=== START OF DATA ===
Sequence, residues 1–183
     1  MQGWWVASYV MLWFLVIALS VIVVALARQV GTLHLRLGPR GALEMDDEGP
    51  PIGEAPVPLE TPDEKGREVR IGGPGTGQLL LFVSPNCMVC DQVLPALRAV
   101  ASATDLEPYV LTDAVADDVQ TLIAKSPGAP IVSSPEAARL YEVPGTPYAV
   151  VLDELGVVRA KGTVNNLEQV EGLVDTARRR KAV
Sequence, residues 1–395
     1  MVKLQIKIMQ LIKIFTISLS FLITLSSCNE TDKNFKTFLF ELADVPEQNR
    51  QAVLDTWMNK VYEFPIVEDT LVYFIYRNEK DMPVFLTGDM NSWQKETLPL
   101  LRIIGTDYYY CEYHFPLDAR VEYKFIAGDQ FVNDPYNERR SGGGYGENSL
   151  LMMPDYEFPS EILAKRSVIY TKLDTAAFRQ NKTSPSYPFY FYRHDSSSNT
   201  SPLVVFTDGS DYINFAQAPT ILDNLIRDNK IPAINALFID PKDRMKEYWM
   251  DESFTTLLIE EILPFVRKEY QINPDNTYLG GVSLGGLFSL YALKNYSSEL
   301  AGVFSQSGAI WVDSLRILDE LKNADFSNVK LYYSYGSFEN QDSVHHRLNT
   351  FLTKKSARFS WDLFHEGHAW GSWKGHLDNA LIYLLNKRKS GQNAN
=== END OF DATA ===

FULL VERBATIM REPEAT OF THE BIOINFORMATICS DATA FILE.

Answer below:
Sequence, residues 1–183
     1  MQGWWVASYV MLWFLVIALS VIVVALARQV GTLHLRLGPR GALEMDDEGP
    51  PIGEAPVPLE TPDEKGREVR IGGPGTGQLL LFVSPNCMVC DQVLPALRAV
   101  ASATDLEPYV LTDAVADDVQ TLIAKSPGAP IVSSPEAARL YEVPGTPYAV
   151  VLDELGVVRA KGTVNNLEQV EGLVDTARRR KAV
Sequence, residues 1–395
     1  MVKLQIKIMQ LIKIFTISLS FLITLSSCNE TDKNFKTFLF ELADVPEQNR
    51  QAVLDTWMNK VYEFPIVEDT LVYFIYRNEK DMPVFLTGDM NSWQKETLPL
   101  LRIIGTDYYY CEYHFPLDAR VEYKFIAGDQ FVNDPYNERR SGGGYGENSL
   151  LMMPDYEFPS EILAKRSVIY TKLDTAAFRQ NKTSPSYPFY FYRHDSSSNT
   201  SPLVVFTDGS DYINFAQAPT ILDNLIRDNK IPAINALFID PKDRMKEYWM
   251  DESFTTLLIE EILPFVRKEY QINPDNTYLG GVSLGGLFSL YALKNYSSEL
   301  AGVFSQSGAI WVDSLRILDE LKNADFSNVK LYYSYGSFEN QDSVHHRLNT
   351  FLTKKSARFS WDLFHEGHAW GSWKGHLDNA LIYLLNKRKS GQNAN